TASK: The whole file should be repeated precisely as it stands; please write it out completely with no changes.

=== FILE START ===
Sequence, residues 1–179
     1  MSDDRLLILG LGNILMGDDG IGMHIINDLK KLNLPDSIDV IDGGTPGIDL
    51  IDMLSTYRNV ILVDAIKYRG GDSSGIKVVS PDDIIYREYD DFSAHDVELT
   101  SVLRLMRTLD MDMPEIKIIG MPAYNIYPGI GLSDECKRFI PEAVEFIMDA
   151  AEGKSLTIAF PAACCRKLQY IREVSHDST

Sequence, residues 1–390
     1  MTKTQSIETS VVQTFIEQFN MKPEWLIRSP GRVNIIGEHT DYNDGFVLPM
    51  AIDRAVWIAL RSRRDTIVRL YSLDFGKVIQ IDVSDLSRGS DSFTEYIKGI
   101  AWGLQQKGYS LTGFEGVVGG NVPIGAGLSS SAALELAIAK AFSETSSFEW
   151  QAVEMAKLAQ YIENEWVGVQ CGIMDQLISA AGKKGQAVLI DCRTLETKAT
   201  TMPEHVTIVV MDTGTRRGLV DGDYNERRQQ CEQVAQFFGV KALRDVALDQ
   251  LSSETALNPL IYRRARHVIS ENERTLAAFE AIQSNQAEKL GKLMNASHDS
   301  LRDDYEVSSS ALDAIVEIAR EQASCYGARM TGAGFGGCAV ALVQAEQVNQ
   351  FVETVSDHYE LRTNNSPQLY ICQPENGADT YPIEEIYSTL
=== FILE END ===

Sequence, residues 1–179
     1  MSDDRLLILG LGNILMGDDG IGMHIINDLK KLNLPDSIDV IDGGTPGIDL
    51  IDMLSTYRNV ILVDAIKYRG GDSSGIKVVS PDDIIYREYD DFSAHDVELT
   101  SVLRLMRTLD MDMPEIKIIG MPAYNIYPGI GLSDECKRFI PEAVEFIMDA
   151  AEGKSLTIAF PAACCRKLQY IREVSHDST

Sequence, residues 1–390
     1  MTKTQSIETS VVQTFIEQFN MKPEWLIRSP GRVNIIGEHT DYNDGFVLPM
    51  AIDRAVWIAL RSRRDTIVRL YSLDFGKVIQ IDVSDLSRGS DSFTEYIKGI
   101  AWGLQQKGYS LTGFEGVVGG NVPIGAGLSS SAALELAIAK AFSETSSFEW
   151  QAVEMAKLAQ YIENEWVGVQ CGIMDQLISA AGKKGQAVLI DCRTLETKAT
   201  TMPEHVTIVV MDTGTRRGLV DGDYNERRQQ CEQVAQFFGV KALRDVALDQ
   251  LSSETALNPL IYRRARHVIS ENERTLAAFE AIQSNQAEKL GKLMNASHDS
   301  LRDDYEVSSS ALDAIVEIAR EQASCYGARM TGAGFGGCAV ALVQAEQVNQ
   351  FVETVSDHYE LRTNNSPQLY ICQPENGADT YPIEEIYSTL